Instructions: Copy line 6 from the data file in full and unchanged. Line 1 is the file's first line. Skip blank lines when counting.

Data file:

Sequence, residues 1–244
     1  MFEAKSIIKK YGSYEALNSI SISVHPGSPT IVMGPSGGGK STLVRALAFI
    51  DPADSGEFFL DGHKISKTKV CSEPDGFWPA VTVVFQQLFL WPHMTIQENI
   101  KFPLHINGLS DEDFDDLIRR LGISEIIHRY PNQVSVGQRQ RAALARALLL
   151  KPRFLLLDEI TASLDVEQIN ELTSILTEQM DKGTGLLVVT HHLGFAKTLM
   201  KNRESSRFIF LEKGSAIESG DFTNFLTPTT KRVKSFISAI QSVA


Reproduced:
   201  KNRESSRFIF LEKGSAIESG DFTNFLTPTT KRVKSFISAI QSVA